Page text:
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  • 34. Thursday, June 20, 13 An audio recording of a press conference A Web page includes a link to an audio recording of a press conference that identifies the audio recording. The page also links to a text transcript of the press conference. The transcript includes a verbatim record of everything the speakers say. It identifies who is speaking as well as noting other significant sounds that are part of the recording, such as applause, laughter, questions from the audience, and so on. Captions (Live) Captions are provided for all live audio content in synchronized media.
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  • 39. Thursday, June 20, 13 Engagement is really connected to the social and emotional aspects of learning, which is where variability is much less systematic, more difficult to plan for. In many ways that is why we say that you can design for a community of practice, but you cannot design a community of practice. Engagement really requires an environment that is conducive to learning for all. Here is an example of how engagement is really the heart of learning and shapes how learning happens. John Seely Brown illustrates this well with an example of how Xerox learned to change how it trained tech reps. Those people that are integral to the company because they go out and fix the machines when something goes wrong. While each rep had a manual that they were trained to use in response to different error codes, reps knew that machines rarely break in the ways you want them to or are able to be repaired in a way that is clearly outlined in the manual. More difficult tech issues, were often “problems of one”, not outlined in the manual. While Xerox was training reps to use the manual, reps were learning by going out for breakfast. Xerox technician example - reps collaborate, see one another’s practices through stories if they can’t directly. Response was to provide two way radios so that technicians were always in one another’s periphery. Practices make sense of process. So we can focus on goals, and separate means from them, but we need to teach people to respond to variability as the need for it arrises and to see this as an asset to be leveraged, rather than a deficit to be overcome.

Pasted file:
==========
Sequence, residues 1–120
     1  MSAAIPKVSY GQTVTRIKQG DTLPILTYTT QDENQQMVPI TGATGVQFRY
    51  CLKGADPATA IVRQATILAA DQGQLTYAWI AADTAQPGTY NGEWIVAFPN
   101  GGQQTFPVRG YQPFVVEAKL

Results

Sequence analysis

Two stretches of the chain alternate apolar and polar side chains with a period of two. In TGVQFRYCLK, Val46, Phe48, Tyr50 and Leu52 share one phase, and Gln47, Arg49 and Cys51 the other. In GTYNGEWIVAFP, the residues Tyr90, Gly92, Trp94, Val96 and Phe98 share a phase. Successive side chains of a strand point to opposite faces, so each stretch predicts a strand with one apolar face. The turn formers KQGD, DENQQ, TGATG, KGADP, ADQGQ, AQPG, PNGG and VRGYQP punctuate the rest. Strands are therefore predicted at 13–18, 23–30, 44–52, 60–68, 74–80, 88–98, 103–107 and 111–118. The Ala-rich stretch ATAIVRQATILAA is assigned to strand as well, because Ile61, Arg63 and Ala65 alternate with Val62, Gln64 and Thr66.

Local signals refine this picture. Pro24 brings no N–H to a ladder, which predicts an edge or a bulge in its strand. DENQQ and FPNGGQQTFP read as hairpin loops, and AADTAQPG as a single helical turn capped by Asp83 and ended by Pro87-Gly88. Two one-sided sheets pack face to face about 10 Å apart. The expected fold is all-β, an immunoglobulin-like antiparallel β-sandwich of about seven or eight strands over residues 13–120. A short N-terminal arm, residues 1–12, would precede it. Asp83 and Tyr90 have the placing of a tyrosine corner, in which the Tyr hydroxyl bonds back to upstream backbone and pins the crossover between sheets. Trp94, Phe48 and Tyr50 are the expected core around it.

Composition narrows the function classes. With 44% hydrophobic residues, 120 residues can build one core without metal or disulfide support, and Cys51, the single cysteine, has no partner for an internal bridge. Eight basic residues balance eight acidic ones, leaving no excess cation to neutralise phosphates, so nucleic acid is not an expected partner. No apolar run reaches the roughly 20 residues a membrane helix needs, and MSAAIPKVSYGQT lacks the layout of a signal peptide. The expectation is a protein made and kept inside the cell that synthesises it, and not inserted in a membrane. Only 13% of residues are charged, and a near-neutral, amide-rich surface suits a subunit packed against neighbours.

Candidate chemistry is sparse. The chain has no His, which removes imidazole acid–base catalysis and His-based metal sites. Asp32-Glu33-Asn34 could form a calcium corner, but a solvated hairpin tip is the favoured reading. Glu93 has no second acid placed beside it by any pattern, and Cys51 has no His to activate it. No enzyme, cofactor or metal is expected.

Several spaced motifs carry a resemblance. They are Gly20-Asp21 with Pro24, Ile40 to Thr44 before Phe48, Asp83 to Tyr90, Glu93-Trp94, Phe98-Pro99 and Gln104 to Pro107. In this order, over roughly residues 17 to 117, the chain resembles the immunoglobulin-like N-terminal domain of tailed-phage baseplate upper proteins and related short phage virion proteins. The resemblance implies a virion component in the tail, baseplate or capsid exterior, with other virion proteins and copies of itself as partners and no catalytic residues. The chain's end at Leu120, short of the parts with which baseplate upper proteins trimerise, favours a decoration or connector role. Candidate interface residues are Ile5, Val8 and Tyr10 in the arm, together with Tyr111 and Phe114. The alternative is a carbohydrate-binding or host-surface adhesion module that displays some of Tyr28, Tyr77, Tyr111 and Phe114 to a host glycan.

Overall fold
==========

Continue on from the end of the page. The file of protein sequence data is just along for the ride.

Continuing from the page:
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  • 44. new technologies new possibilities Thursday, June 20, 13 Technologies are increasingly able to help us enrich instruction by bringing in a richer media set, allowing for users to act on information in different ways, and proving to be a place where learning can happen in relationships where peers can share ideas, build ideas, and get information easily to collaborate on enhancing new ideas. Yet, how technology is used in the service of learning matters very much. There are several common errors in how we conceptualize of technology for learning. Each of these errors can stand in the way of the power of technology to transform how we work, learn, and extend our knowledge by collaborating with others. How we think about using technology is much more important than how much we know about technology. In this talk, I’m going to use three examples in emerging technology to show how you can use the three principles of Universal Design for Learning to guide your decision making about technology and learning, whether this relates to resources you recommend to adult educators in your state, or to how you work with your own state community of practice.
  • 45. no “gift- wrapping” (Fischer 1998) no gift wrapping Fischer, 1998, 2013 Thursday, June 20, 13 Many uses of technology for learning take a gift wrapping approach where technologies are add-ons to existing approaches, rather than used to fundamentally alter how we think about education. Fischer suggests that education often follows on the boot heels of technology rather than the other way around. A better understanding of lifelong learning and the nature of learning is needed if we are to leverage technology to transform how we teach and learn.
  • 46. Humans aren’t containers Learning isn’t a content dump Thursday, June 20, 13 Lave and Wenger (1991) suggest that learning can be measured in terms of its usefulness, or how much information was transferred. If usefulness increasingly becomes the measure of learning, than assessing students’ ability and success at practicing newly learned skills and knowledge with others in the contexts where they are needed (e.g., workplaces, family), replaces the value of assessing how much content was transferred from professor to individual students, often done through tests of factual knowledge. Fischer (?) tells us that learning too often is aligned with notions of schooling that largely focus on the transfer of large bodies of information from an expert to a novice. We then use new technologies in old ways. Maeda indicates that we are underestimating the power of technology by treating computers as souped up pieces of paper.